And I'm always, well, my body is a wellness making machine. I have a choice, but my body doesn't have a choice. So I'm very tuned in to not saying a chronic headache. I'm exhausted, I'm starving. And to say I'm a little bit tired and dehydrated, actually I do need to eat and I've got a lot going on, but hey, I've got a whole weekend coming up. Or to say, I've got great coping, you have a choice, you have a brilliant brain. And here's the choice, rationalize why you feel so bad, talk yourself into it or talk yourself out of it. I cannot recommend enough talking yourself out of it.

Susie Moore:

Oh my gosh, Marisa, I completely agree with you. And one thing that you share in this book, which I love, is you are surprised doing your work at the simplicity of how the mind works. And even just in those examples that you shared, like a kid comes over, they're sick. Oh, I guess I'm doomed. Versus, oh, this kid came over, but hey, luckily for me, that doesn't really happen to me. I'm just one of the healthy ones, I guess. I mean, if someone was listening to this going, but if I start telling myself those things, they don't feel real. It feels like I'm telling myself, okay, here's an example. Someone might say, well, you say that things are available to me, but other people, they are just charismatic and they have a flair for something gorgeous and that's why they make money. And maybe I'm ordinary and I can say I'm special, I'm unique and repeat the affirmations. But what if they don't feel real? What if it feels like I'm just saying stuff and I'm not really connecting with it?

Marisa Peer:

But when you say, I can eat my butts size of the continent, my kid is making me want to jump under a train that clearly can't be, but I'm stressed out my mind and I've eaten like a maniac all weekend. All weekend. Did you pee? Did you eat in the toilet? No. Did you sleep eat all weekend? Really? If you had a bar the size of the continent, you couldn't get in my office. So we were lying to ourselves. My husband was driving me absolutely mental. He leaves his pants on the floor every day and I could scream, but someone in the world would go, I love a husband to leave his pants on the floor. I would put up, that's my fantasy dream come true. So the first thing is to understand whatever your problem is, someone else go, Hey, can I have that?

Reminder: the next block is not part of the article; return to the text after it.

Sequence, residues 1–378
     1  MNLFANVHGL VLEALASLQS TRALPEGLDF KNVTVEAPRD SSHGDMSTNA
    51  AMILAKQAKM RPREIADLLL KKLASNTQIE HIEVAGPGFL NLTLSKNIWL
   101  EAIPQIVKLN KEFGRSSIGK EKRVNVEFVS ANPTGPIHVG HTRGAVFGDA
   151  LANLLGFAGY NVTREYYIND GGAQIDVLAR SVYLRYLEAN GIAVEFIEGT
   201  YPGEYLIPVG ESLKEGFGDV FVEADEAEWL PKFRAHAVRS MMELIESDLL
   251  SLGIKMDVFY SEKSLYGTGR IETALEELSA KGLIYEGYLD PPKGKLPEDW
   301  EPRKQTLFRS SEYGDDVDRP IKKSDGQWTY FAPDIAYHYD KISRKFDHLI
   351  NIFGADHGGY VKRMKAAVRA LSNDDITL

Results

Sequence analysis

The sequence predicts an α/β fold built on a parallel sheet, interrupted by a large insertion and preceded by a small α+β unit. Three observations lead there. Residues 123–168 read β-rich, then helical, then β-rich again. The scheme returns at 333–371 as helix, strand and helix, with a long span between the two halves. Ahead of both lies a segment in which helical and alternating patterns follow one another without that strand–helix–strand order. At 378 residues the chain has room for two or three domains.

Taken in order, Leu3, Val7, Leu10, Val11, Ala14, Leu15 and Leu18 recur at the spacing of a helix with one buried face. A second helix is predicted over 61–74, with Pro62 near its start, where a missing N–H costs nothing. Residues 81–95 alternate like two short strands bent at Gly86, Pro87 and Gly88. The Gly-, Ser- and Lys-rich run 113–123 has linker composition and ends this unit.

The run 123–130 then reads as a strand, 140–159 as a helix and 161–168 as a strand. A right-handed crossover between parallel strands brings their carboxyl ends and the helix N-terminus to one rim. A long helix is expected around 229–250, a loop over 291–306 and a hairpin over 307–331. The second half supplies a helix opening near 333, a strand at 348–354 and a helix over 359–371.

I've spent all my money on IVF. If I had a baby that kept me up all night, threw up on my carpet, got peanut butter smears all over the fridge, I would be in heaven. So the first thing is to say, is there somebody who'd say your problem? I'd love that problem. What would you have given 20 years ago for that problem? Because you don't have to believe it. So last week I was teaching in Estonia to these tiny kids. I'm going to show a little triangle. And I made thought and the thought was, and one of the little kids thought was, I'm not pretty and I can't make friends. And another kid said, I don't understand math. I'm really stupid. So they had to think of it. Then they had to run this triangle, taped out on the floor, massive size, let to a board and write a feeling.

When you think a thought, I can't do maths, what's the feeling? And the feeling is I feel so stupid and so frustrated and so angry. The girl who said, I'm not pretty and I don't make friends, her feeling was, well, I just feel hopeless. Now let's run to a behavior. The girls that I want to cry, I actually do cry. I can't make any friends. That's the thought. It makes me feel so sad. And the way I act is I cry the boys that I can't do math. I feel super frustrated and I act out. I get very angry and defensive. And now we've got to run back to the thought. So we are running a tribe, I think a thought feel, a feeling, behavior, behavior. Because I think thought and after about 400, I like, okay, now let's change it. I want you to go, I'm so smart at math and I want the other kid and go, I think I look amazing.